It seems that Google Mobile Platforms director Andy Rubin really generated some buzz with his prediction at Google IO that there could be as many as 20 Android phones available by the end of this year. While this was interesting (but not really that surprising given Android's success and growth to date), what I found of more interest were his comments regarding Google's commitment to Android as an "open" platform as well as clarification of the various Android flavours available to carriers and handset manufacturers.
Google has taken some flack from critics who see the strongly Google-branded G1 and HTC Magic phones as cause for concern regarding the openness of the Android platform. Even manufacturers have expressed some concern, most notably Samsung which blamed its delay in announcing an Android phone on the fact that "some operators were concerned about the vision Google has". In an effort to allay these concerns, Google has actually released three different versions of Android as follows:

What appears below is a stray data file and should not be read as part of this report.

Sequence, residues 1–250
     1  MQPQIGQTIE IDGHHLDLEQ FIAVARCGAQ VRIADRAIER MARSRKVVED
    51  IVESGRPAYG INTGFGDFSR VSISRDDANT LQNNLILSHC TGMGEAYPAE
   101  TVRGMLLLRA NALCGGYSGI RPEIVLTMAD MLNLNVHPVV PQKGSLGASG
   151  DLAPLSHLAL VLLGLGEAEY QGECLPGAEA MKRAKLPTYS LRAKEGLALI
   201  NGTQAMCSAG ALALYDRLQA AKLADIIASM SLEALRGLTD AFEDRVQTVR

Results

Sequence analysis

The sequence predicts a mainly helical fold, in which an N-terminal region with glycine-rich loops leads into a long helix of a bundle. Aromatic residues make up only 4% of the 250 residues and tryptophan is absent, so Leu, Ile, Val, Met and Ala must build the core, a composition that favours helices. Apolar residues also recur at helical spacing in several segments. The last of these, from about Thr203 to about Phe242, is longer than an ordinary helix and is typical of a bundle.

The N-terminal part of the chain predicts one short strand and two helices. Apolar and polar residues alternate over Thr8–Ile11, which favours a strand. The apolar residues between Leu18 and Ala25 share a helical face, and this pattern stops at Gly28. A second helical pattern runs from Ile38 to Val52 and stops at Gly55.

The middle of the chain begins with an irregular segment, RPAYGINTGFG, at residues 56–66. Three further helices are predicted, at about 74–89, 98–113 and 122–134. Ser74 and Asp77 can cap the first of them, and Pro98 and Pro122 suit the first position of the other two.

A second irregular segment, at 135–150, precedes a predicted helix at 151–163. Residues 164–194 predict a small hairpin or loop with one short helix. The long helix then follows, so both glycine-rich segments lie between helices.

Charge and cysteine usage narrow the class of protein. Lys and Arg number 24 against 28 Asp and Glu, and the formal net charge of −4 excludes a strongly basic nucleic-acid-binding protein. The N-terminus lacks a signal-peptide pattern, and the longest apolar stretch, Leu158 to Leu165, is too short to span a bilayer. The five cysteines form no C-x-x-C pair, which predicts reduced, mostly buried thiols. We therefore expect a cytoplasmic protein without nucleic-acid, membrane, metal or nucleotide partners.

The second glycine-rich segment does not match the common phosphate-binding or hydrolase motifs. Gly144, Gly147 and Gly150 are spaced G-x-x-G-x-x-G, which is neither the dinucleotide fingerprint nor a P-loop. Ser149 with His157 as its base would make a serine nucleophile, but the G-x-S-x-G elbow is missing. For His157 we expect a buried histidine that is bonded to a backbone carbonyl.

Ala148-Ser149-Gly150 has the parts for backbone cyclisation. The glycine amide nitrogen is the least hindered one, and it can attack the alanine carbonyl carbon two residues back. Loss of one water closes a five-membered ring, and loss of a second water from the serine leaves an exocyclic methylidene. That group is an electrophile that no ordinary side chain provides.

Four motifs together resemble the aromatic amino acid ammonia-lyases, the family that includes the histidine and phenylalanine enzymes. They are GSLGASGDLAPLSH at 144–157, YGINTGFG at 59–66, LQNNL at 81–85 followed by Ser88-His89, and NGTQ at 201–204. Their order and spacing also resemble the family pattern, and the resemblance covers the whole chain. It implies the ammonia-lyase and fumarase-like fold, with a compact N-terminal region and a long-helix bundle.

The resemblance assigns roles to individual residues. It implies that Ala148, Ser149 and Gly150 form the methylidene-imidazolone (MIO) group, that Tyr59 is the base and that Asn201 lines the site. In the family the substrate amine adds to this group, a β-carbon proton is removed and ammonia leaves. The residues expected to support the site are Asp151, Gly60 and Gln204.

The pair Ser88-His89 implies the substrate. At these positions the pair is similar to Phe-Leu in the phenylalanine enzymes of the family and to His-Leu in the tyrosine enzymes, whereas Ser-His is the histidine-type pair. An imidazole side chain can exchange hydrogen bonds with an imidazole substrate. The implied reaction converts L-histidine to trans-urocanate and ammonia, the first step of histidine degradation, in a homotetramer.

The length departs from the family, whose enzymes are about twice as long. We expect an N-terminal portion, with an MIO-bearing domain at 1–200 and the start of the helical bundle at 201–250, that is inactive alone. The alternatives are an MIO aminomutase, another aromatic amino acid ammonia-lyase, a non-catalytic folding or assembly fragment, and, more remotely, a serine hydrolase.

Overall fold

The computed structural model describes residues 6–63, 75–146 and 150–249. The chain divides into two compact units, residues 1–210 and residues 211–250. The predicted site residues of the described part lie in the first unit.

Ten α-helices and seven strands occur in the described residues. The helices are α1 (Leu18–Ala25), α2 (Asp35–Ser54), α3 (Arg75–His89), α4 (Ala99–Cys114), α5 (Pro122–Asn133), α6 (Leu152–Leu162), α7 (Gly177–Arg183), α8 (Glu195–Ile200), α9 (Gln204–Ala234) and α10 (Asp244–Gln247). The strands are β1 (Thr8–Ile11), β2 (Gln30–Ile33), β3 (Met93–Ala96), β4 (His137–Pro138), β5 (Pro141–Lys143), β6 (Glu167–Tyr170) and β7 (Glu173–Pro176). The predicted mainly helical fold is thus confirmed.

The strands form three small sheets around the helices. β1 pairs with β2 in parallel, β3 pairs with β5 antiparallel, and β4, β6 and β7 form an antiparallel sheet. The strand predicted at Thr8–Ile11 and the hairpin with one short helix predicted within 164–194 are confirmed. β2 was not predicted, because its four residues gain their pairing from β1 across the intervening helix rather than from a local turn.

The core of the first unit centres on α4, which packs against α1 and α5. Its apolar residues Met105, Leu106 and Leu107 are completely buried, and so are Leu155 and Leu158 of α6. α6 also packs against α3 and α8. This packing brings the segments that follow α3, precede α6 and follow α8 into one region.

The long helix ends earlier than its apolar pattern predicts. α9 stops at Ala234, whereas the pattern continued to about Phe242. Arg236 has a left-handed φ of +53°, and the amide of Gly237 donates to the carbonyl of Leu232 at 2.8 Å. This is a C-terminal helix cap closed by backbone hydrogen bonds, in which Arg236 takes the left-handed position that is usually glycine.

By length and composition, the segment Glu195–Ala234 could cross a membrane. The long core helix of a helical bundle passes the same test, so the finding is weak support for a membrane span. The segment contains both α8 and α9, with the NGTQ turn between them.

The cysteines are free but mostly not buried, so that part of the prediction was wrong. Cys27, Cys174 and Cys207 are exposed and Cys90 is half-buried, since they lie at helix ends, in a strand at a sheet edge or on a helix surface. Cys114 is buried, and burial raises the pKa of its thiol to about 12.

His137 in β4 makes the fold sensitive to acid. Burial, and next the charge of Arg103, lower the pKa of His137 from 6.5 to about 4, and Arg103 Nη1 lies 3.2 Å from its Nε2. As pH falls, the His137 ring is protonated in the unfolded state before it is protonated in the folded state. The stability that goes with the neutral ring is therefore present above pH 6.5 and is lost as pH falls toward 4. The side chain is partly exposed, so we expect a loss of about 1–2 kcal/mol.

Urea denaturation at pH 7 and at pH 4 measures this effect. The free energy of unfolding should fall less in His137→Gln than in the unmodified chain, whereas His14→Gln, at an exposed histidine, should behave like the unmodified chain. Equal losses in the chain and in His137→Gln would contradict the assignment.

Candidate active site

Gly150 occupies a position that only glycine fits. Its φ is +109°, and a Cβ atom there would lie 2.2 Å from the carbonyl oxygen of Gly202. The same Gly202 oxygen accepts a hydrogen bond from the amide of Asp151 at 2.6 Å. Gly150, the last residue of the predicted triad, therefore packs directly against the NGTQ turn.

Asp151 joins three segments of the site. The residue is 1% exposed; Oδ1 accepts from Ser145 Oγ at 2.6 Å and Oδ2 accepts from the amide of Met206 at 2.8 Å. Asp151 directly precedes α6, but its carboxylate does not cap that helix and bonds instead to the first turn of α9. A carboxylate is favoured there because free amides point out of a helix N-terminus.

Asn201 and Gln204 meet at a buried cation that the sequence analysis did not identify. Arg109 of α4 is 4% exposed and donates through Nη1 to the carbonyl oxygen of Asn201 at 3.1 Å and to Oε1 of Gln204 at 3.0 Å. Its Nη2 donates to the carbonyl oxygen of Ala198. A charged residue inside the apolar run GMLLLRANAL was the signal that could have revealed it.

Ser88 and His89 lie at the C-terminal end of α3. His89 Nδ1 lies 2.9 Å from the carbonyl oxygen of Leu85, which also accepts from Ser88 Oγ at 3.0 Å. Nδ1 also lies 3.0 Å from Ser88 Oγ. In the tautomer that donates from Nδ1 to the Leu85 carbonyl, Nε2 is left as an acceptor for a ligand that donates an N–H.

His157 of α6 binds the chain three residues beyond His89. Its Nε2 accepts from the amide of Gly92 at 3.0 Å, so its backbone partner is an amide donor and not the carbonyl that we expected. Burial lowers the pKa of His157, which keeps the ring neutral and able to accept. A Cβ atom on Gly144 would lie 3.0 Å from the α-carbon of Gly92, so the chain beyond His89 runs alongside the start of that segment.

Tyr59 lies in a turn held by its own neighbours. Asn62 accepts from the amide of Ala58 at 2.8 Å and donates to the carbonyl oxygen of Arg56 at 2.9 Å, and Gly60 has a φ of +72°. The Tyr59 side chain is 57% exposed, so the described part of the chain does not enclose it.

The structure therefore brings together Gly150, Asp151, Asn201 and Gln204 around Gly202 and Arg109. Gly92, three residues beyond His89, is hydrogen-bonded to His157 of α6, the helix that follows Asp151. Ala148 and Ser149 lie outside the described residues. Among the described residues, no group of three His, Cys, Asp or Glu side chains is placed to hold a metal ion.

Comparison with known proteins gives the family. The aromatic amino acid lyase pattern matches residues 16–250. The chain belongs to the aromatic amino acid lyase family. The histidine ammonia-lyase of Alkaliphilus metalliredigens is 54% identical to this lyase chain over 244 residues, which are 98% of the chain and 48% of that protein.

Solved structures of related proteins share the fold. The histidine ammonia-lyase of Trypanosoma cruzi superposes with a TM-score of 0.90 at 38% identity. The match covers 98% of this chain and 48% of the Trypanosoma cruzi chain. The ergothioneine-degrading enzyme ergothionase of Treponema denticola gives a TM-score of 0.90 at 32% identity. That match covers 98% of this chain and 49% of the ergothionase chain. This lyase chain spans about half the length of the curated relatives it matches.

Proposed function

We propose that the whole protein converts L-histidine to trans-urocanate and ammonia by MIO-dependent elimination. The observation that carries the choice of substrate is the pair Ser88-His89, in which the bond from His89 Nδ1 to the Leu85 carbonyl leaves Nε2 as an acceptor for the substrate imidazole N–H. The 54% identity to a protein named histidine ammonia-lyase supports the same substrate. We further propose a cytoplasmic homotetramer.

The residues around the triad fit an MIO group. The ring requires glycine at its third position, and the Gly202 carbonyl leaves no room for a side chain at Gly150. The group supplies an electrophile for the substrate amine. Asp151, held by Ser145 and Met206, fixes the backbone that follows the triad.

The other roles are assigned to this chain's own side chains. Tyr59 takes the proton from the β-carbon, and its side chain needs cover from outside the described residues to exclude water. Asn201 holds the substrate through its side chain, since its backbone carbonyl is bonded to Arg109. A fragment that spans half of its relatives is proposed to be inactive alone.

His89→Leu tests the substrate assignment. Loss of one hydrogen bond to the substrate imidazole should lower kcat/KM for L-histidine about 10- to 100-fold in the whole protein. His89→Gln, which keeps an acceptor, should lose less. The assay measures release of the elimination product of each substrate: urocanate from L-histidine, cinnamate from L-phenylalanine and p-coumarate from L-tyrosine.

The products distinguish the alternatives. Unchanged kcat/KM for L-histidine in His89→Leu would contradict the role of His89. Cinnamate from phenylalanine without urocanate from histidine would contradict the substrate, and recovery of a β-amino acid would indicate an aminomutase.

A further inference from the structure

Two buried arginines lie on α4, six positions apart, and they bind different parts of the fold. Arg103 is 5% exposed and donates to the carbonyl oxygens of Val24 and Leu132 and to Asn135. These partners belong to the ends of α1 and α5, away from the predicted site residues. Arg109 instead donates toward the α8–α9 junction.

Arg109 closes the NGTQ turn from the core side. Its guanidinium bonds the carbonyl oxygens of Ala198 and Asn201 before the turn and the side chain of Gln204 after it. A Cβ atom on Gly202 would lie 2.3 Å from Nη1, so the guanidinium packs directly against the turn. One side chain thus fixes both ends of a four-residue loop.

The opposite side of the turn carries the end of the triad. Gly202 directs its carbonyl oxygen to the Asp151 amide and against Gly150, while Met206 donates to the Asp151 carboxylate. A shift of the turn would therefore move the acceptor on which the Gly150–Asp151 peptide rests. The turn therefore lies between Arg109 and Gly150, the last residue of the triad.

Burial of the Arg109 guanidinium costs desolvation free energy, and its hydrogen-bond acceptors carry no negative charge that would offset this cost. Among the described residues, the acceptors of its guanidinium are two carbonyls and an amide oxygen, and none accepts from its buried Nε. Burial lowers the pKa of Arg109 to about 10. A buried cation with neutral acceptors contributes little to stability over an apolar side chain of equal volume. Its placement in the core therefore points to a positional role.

Option 1: Obligation free – manufacturers can install Android on their devices and provide access to as many apps as they want but cannot preload Google applications like Gmail or Google Calendar.
Option 2: Same as option 1 but manufacturers must sign a distribution agreement to preload Google applications on the device.
Option 3: Google Experience phones – includes Google branding and Google applications which cannot be removed from the phone. This option also provides uncensored access to the Android Market.